“We have unique skills within our command, including some special missions in particular,” explained Maj. Gen. James Rubeor, 22nd Air Force commander. “The special missions are the ones that help bring military support quickly and efficiently to civilian agencies in time of need.”
One of three numbered air forces in Air Force Reserve Command, or AFRC, 22nd Air Force is primarily responsible for supporting air mobility operations. Nine of the thirteen wings in 22nd Air Force fly C-130s. Of those, three units fly the special missions. AFRC contributes 100 percent of the US Air Force weather reconnaissance and aerial spray capabilities and twenty-five percent of the Air Force’s Modular Airborne Firefighting System capabilities. These capabilities represent a significant portion of the support the command provides under its federal Defense Support to Civil Authorities mission.
Representatives from the units that fly those special missions met for the first time on 12–13 January 2011 at Peterson AFB, Colorado. Each of the three units had one of its aircraft on static display for other participants and local active duty Air Force personnel to look over. The 53rd Weather Reconnaissance Squadron at Keesler AFB, Mississippi, brought one of its WC-130J Weatherbirds while both the 757th Airlift Squadron at Youngstown ARS, Ohio, and the host 302nd Airlift Wing at Peterson displayed one of their C-130Hs with their special mission equipment installed.
“This conference sprang from discussions with members from each unit,” noted Lt. Col. Dave Condit, who runs the Modular Aerial Firefighting System, or MAFFS, program with the 302nd AW. Condit also served as the coordinator for the conference. “We looked at these three missions and found that we have a lot in common. The equipment is different. The execution is different. But there was an amazing amount of crossover.
“We also discovered we have some overlapping issues,” Condit continued. “The way we do our atypical missions, which tend to support civilian authorities, presents issues we have to deal with on a regular basis. But we found that these issues are ones we can raise to those civilian agencies together. That should generate some answers to some operational questions we have. That way, we don’t have to invent what we need to do when we’re responding to a disaster.”
“We found that each wing does its mission really well,” said Capt. Travis Adams, one of the aerial spray mission coordinators and a pilot with the 757th AS at Youngstown. “It was very interesting to see how the other units do business.”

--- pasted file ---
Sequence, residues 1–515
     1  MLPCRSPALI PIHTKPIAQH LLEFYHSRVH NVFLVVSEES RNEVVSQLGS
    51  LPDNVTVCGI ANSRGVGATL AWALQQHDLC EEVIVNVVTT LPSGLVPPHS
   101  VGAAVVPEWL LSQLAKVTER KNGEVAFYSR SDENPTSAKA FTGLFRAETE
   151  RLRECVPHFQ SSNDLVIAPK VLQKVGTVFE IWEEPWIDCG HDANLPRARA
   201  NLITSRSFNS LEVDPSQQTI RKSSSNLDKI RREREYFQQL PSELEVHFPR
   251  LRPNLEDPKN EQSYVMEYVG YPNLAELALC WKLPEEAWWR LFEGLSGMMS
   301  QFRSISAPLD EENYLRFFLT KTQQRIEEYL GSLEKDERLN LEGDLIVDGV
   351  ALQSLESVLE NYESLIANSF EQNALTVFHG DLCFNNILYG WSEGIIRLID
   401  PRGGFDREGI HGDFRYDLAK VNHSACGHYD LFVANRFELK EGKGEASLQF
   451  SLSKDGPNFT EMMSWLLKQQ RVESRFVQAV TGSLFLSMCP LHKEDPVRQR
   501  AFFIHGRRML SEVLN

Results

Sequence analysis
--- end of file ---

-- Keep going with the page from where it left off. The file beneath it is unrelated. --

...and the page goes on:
Each of the three special mission units had highlights in 2010.
• The 757th AS, the only fixed-wing aerial spray unit in the Department of Defense, has used the Modular Aerial Spray System, or MASS, for decades primarily to spray insecticide over large areas that are either breeding grounds for, or infested with, disease-carrying insects. The system’s spray bars, which protrude from a four-inch hole in the paratroop doors and are attached beneath the wings, can be installed on the C-130 in under thirty minutes. Four of the squadron’s six aircraft have been modified for MASS missions. Known as the Blue Tigers, the squadron is usually called in after a hurricane to spray insecticide over areas of standing water to eradicate disease-carrying mosquitoes. Squadron aircrews sprayed more than 700,000 acres after Hurricanes Gustav and Ike struck the Texas and Louisiana coasts in 2008.
But last year, 757th AS crews carried out their first-ever operational missions to spray dispersant on oil polluting open water in the Gulf of Mexico in the aftermath of the Deepwater Horizon oil rig disaster. During a six-week operation, squadron crews sprayed 145,000 gallons of dispersant on ninety-two sorties and covered more than 30,000 acres of Gulf waters. “Although we had trained for this mission, we had never done it,” noted Adams. “We found that an actual operation on open water was different from what we had practiced. We’re going to have to make some adjustments to our training.”
• “We weren’t tasked to fight any fires last year, but we did qualify crews and flew training sorties,” noted Condit. “The big thing was fully developing the concept of operations for the MAFFS 2 system.” The 302nd AW, which shares the firefighting mission with three Air National Guard units, converted to the more sophisticated MAFFS 2 system in 2009. “MAFFS 2 allows us to use more existing fire tanker bases without the need for additional support equipment like we had with the original MAFFS. Because we can pressurize MAFFS 2 enroute, we can provide a quicker response to the fire incident commander.” The 302nd AW was activated to support firefighting operations in Israel last December, but the two aircraft and crews had only reached the Azores before the fires were brought under control.
• “We had an extremely busy year in 2010,” said Lt. Col. Jonathan Talbot, the chief meteorologist with the 53rd WRS at Keesler. “We flew more than 100 sorties from various locations into storms during the Atlantic hurricane season totaling more than 1,300 flight hours. We had a better than ninety-nine percent mission accomplishment rate.” After this last hurricane season, which ends every year in November, the squadron began flying into winter storms in the Pacific to collect data to help meteorologists from the National Weather Service improve their forecasting accuracy by ten to fifteen percent. The Hurricane Hunter crews had completed ten winter storm missions by the time the conference started.
“From our perspective, the conference was very worthwhile. We learned quite a bit from each other,” noted Condit. “But, we also discovered some coordination and operational issues that we need to work on. We’ll work through those issues over the next couple of months and then see if it’s worthwhile to get together again in the future. It was a huge benefit just to have everybody together in one place at one time.”